All told, about 13.7 million Americans (as of Jan. 1, 2012) are living with cancer or a history of cancer.
Chances are, you know one or more of them.
Friends, family, co-workers ... they can all play an important role in helping a cancer patient’s recovery simply by providing emotional support.
After a diagnosis of cancer, people have a greater need for social support, which has been shown to influence health outcomes, according to a National Institutes of Health report. Of the nine types of social support, the report says emotional support is among the most important.
Even if you’re not among the person’s closest friends or family, you can help far more than you imagine simply by being encouraging and supportive.
In my practice, I work exclusively with cancer patients and their loved ones.
I understand people don’t always know what to say to someone who’s just been diagnosed or is in the midst of treatments and yes, sometimes they do say the wrong thing. I remind my patients often to refuse to listen to cancer “horror stories,” so please, don’t tell those!
While everyone is different, I have found a few things that patients consistently say benefit them. Four include:
1. Sometimes saying nothing at all says everything. If your friend or loved one wants to talk about her treatments, complain about his situation, or not talk at all, being a good listener or simply a quiet presence speaks volumes. When a person complains, many of us jump to “help” by suggesting solutions. That’s likely not what your friend or loved one is looking for. As my patients have said time and time again, sometimes they just want to get it all off their chest. An empathetic listener is all the help they need.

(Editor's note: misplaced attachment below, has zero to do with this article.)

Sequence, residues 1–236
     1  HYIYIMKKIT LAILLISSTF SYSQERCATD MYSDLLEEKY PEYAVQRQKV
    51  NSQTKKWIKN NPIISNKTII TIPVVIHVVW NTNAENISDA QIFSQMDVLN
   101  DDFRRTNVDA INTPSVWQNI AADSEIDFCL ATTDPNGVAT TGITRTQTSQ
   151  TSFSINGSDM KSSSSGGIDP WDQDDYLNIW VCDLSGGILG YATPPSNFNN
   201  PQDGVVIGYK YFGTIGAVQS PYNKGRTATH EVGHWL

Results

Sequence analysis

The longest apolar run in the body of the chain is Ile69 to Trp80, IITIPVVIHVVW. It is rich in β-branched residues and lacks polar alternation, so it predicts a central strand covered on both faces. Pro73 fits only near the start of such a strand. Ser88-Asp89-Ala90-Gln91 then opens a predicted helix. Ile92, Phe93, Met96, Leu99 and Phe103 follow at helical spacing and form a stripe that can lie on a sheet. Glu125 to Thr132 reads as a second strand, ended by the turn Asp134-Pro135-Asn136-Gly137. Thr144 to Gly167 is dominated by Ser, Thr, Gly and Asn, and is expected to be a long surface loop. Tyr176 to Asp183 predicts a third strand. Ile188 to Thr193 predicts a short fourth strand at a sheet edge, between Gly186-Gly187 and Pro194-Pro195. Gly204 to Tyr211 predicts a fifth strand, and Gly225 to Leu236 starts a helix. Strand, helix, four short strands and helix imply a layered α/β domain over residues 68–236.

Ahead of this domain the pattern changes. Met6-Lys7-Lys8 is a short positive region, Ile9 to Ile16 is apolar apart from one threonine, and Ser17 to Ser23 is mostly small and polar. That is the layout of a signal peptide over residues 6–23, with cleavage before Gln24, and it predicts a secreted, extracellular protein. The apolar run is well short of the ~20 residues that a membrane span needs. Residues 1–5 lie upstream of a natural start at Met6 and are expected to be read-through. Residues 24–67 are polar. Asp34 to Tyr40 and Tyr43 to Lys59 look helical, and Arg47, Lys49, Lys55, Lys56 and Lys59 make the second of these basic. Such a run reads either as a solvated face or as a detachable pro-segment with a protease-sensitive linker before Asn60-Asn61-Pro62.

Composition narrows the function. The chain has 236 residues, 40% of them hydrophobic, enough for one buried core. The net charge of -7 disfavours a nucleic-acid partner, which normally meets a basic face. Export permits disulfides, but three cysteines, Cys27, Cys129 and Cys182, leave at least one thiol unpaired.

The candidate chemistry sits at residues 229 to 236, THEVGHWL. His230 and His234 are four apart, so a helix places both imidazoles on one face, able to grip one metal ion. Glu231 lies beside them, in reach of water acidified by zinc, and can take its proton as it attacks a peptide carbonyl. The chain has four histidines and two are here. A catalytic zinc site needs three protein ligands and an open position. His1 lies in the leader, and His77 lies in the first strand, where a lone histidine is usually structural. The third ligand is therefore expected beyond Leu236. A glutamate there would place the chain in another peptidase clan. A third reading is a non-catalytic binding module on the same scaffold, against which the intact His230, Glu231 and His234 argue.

2. Make your offer of help specific. “Call me if you need anything at all,” puts the burden on your loved one — who already carries a tremendous burden! Instead, you might offer to make dinner for her family on Wednesday night and ask what meal everyone enjoys. Or volunteer to drive him to his doctor appointment on Monday afternoon. This makes it easy for your friend to politely accept or decline your offer, and it ensures you provide the assistance you feel comfortable providing.
3. Not sure what to talk about? Follow his lead. Some days, my patients want to talk only about their illness, the treatment they’re undergoing and how they feel. Other days, they want to talk about anything BUT cancer. We all have days when we’re immersed in our own lives and other days when we want to be distracted — or to just feel normal.
4. If you’re not sure what to say, err on the side of being positive. Don’t say what you don’t know; for instance, you don’t know that everything is going to be just fine. But if you admire your loved one’s strength or sense of humor, if your friend’s attitude inspires you, tell them so. We all benefit from hearing a sincere compliment.
When a person who’s going through what may be the most difficult, stressful event of their lives knows that you care, it makes a difference.
If you’re truly at a loss for words, it never hurts to simply say, “I’m thinking about you.”
(Editor’s Note: This guest “Viewpoint” has been submitted to the Cleveland Daily Banner by Niki Barr, Ph.D., founder of a pioneering psychotherapy practice dedicated to working with cancer patients in all stages of the disease, along with their family members, caregivers and friends. She is the author of “Emotional Wellness, The Other Half of Treating Cancer.” She is also a popular speaker who shares her insights with cancer patients and clinicians across the nation.)